Love and hugs - Jojo & Erin

It has been a few weeks since we have returned from a trip to Botswana to visit Jojo and Erin who are in the Peace Corps in Tonota.  Jojo asked us during our travels if the country was what we expected; and I really have to say that I didn’t have any expectations.  But, we found the trip fantastic.  We loved Botswana: the people, (especially the children), the villages, the landscape, the rivers, the tours we took, the safaris and the animals.  It was overwhelming to see the amount of animals, not only the amount of each kind, like the herds of elephants, cape buffalo, etc., but all the different animals we did see.  My husband and I have been on a safari in South Africa, and we saw many of the animals we saw in Botswana, but we saw wild dogs (which we never did see); apparently a very difficult animal to spot, it was exciting since they were eating whatever they had just killed, and at the same time were keeping the vultures from getting to the kill. It was fascinating seeing the numbers of animals.  I especially loved seeing the elephants, giraffes, baboons, buffalo, hippos and
rhinos, the lion and leopard and the crocodiles.  We also saw about a dozen elephants on our SA safari, but we saw herds of them on the Chobe River, and we saw many more on our Okavango Delta cruise.   We saw warthogs walking around Kasane, right through town; and when we were in Khama Rhino Sanctuary, not only did we see dozens and dozens of rhinos and baby rhinos, but when we were in the parking lot after
our game drive and picnic, a lone rhino came walking through minding his own business with many people standing around.  It was so close and very exciting…even to the people working there!
We were travelling around in a car, and I found it fascinating that goats, cows and donkeys were free to wander outside of their farms and were crossing the road causing all traffic to come to a halt.  Often, they moved off when cars were honking, so they are apparently quite used to the cars.  In the villages, all animals are free to wander around…not only the dogs, but cows, goats, chickens, etc.  Talk about free range…it is
entirely free range there.
We visited Jojo and Erin’s workplaces and were impressed with the work they are doing and have already accomplished.  Erin works in the clinic and Jojo in a government building, in projects all revolving around HIV/AIDS.
Some highlights of the trip for me were seeing their village, walking around, doing laundry by hand with them, meeting their neighbor Kelly and her son.  We also got together with their host family from Serowe, at the Khama Rhino park for a braai (bbq).  We had only heard about them, but got to spend time with them and found them wonderful.  The parents and their three kids were such fun, and you could see the admiration Jojo and Erin and the family all have for each other. They definitely bonded and now Jojo and Erin have a family away from home, in Africa.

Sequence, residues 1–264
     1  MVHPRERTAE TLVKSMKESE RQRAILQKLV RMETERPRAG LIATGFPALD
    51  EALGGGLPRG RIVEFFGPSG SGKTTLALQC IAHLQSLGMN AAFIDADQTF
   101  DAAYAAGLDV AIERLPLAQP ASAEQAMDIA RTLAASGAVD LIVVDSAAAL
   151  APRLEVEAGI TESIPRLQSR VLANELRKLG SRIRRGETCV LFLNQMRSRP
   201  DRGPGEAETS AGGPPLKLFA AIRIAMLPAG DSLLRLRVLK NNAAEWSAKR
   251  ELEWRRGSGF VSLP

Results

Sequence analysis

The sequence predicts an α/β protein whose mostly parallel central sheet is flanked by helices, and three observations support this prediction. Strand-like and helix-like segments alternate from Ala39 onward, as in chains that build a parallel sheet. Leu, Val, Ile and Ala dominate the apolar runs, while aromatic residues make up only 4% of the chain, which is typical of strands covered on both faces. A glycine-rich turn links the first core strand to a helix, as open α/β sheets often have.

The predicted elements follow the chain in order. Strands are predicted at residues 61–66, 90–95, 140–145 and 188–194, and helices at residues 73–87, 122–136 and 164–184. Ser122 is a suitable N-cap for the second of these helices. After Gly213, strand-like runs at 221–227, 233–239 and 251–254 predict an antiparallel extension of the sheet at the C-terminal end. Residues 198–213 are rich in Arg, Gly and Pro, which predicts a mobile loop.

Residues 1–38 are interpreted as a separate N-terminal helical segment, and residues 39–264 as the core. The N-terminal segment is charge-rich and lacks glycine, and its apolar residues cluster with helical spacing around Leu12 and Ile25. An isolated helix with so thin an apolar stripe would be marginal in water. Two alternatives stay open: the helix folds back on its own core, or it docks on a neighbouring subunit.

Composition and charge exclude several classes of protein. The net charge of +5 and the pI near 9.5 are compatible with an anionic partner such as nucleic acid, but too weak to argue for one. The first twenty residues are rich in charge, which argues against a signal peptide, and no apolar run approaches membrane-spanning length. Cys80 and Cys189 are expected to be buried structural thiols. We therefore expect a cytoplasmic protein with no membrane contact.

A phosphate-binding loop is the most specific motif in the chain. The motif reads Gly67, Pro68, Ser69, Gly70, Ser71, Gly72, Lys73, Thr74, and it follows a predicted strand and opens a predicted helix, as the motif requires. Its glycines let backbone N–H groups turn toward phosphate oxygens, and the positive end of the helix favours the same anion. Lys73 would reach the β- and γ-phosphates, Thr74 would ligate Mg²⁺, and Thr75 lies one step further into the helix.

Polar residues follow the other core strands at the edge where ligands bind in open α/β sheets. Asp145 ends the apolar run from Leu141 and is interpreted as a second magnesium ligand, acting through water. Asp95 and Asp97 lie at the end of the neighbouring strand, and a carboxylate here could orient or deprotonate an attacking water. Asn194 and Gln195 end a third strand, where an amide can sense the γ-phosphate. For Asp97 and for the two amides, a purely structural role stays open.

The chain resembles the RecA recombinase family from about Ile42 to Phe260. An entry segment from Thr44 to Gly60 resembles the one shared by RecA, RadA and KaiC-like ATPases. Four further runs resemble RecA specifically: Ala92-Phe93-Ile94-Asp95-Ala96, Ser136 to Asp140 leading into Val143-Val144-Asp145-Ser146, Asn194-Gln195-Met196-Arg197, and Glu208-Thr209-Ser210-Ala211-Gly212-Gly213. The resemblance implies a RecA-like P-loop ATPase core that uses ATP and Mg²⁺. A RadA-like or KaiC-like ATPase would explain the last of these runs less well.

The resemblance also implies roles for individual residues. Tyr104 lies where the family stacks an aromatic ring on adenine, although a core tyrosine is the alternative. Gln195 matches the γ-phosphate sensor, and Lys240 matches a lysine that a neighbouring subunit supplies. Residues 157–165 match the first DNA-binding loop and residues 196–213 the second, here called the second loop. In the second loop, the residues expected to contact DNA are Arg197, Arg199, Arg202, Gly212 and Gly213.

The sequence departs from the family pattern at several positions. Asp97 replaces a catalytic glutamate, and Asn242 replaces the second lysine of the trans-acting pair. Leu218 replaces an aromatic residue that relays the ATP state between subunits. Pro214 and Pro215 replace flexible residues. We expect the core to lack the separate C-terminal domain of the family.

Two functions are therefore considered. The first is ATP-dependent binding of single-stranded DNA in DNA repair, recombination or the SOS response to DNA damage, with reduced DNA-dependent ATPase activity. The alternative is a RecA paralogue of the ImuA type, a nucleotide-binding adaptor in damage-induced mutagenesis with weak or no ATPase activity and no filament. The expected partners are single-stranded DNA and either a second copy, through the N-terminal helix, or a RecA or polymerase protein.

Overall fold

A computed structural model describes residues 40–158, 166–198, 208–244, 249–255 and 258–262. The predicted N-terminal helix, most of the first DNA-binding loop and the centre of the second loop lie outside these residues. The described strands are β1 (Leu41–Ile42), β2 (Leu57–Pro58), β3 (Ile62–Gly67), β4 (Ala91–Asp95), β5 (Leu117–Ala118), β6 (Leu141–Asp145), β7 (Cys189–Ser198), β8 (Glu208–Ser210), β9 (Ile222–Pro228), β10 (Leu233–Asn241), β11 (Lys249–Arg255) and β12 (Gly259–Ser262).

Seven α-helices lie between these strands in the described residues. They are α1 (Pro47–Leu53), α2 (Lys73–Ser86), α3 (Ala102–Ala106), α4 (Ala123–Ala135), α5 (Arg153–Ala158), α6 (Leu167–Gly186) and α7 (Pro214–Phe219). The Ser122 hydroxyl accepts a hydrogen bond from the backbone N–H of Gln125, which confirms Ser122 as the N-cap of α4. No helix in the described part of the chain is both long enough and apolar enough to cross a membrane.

We saw a dead hippo, upside down with its legs up in the air from our river cruise.  I don’t know why that has stayed with me, but one never sees such a large animal intact and it was pretty interesting.  I loved the landscape along the rivers and in the delta.  I couldn’t take enough pictures…some people thinking I overdid it, but each picture has something special about it.  I was fascinated with the termite hills and tried to take pictures of everyone I saw.  There were so many different shapes and some connected to trees and some
standing alone. Those pictures are going to make it into a collage!And I found every village and compound interesting in their own unique ways, from the different styles of houses (huts) to the different fences they have built.  Everything is made with the same materials,but in such a variety of ways.
We stayed in wonderful lodgings from Maun, into Namibia, and in Chobe (Kasane).  I thought we would be in places without bathrooms and would have to go outside; but to my surprise, we stayed in beautiful places
complete with bathrooms, kitchens with all the charm of the towns and areas they were in.
The traditions of the Batswana people are so neat; and to see different tribes in different areas of the country who dressed differently, for example, was so colorful and charming. In all, I have to say how impressed I was in how happy the people seem to be.  The country is led by a President; but then in each village,
there is a chief with whom the people go to for advice, permission to marry, etc.  And it all works for them!
We loved our trip and hopefully will be able to take more trips to Africa, it’s an interesting place.

Cute kids, absolutely no shortage of these here

Okovango Breem fish drying in the sun

Typical village huts
Using materials which are available

This girl was so beautiful
Pounding millet.  This grain is mixed with water into a porridge and eaten every day.  Millet and other grains like sourghum and maize (corn) are staples of the diet and sometimes are eaten with little else.
This mosadi mogolo (old lady) reluctantly sold Jojo this beautiful basket which she had made to sift grain.
Lazy Lazy Lazy

Dan & Susy


It was so cool to watch these African Hunting Dogs rip apart whatever they had just killed.


One of my favorite pics.  These cape buffalo are scary